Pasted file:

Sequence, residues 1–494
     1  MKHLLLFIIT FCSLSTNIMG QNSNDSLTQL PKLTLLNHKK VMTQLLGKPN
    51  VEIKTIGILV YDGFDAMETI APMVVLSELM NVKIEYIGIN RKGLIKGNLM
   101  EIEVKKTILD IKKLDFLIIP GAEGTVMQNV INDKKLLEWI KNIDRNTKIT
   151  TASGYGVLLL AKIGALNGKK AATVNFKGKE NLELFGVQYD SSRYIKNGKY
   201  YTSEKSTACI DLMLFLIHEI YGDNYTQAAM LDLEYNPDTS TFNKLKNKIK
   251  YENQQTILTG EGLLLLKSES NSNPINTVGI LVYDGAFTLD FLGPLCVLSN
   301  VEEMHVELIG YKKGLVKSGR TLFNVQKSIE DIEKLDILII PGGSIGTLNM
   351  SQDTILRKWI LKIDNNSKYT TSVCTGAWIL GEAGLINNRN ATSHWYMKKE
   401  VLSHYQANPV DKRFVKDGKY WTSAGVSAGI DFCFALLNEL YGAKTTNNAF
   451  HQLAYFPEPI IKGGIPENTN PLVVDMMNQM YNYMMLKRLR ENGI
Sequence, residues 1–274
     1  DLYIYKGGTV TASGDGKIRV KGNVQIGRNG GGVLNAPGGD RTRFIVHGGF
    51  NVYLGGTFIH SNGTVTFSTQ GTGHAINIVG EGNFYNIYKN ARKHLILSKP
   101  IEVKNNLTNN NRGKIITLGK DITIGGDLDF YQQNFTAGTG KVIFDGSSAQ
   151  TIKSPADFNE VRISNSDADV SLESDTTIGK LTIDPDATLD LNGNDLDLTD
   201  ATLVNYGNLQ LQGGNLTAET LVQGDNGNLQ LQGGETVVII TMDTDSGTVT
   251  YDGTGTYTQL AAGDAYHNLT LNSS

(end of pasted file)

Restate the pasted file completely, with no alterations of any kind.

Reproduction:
Sequence, residues 1–494
     1  MKHLLLFIIT FCSLSTNIMG QNSNDSLTQL PKLTLLNHKK VMTQLLGKPN
    51  VEIKTIGILV YDGFDAMETI APMVVLSELM NVKIEYIGIN RKGLIKGNLM
   101  EIEVKKTILD IKKLDFLIIP GAEGTVMQNV INDKKLLEWI KNIDRNTKIT
   151  TASGYGVLLL AKIGALNGKK AATVNFKGKE NLELFGVQYD SSRYIKNGKY
   201  YTSEKSTACI DLMLFLIHEI YGDNYTQAAM LDLEYNPDTS TFNKLKNKIK
   251  YENQQTILTG EGLLLLKSES NSNPINTVGI LVYDGAFTLD FLGPLCVLSN
   301  VEEMHVELIG YKKGLVKSGR TLFNVQKSIE DIEKLDILII PGGSIGTLNM
   351  SQDTILRKWI LKIDNNSKYT TSVCTGAWIL GEAGLINNRN ATSHWYMKKE
   401  VLSHYQANPV DKRFVKDGKY WTSAGVSAGI DFCFALLNEL YGAKTTNNAF
   451  HQLAYFPEPI IKGGIPENTN PLVVDMMNQM YNYMMLKRLR ENGI
Sequence, residues 1–274
     1  DLYIYKGGTV TASGDGKIRV KGNVQIGRNG GGVLNAPGGD RTRFIVHGGF
    51  NVYLGGTFIH SNGTVTFSTQ GTGHAINIVG EGNFYNIYKN ARKHLILSKP
   101  IEVKNNLTNN NRGKIITLGK DITIGGDLDF YQQNFTAGTG KVIFDGSSAQ
   151  TIKSPADFNE VRISNSDADV SLESDTTIGK LTIDPDATLD LNGNDLDLTD
   201  ATLVNYGNLQ LQGGNLTAET LVQGDNGNLQ LQGGETVVII TMDTDSGTVT
   251  YDGTGTYTQL AAGDAYHNLT LNSS